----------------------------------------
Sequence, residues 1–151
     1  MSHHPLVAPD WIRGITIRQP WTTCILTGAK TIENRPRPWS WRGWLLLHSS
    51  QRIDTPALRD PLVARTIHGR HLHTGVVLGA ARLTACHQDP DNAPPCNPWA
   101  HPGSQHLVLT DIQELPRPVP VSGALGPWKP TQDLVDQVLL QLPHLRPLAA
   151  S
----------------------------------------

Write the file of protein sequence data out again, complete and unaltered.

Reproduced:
Sequence, residues 1–151
     1  MSHHPLVAPD WIRGITIRQP WTTCILTGAK TIENRPRPWS WRGWLLLHSS
    51  QRIDTPALRD PLVARTIHGR HLHTGVVLGA ARLTACHQDP DNAPPCNPWA
   101  HPGSQHLVLT DIQELPRPVP VSGALGPWKP TQDLVDQVLL QLPHLRPLAA
   151  S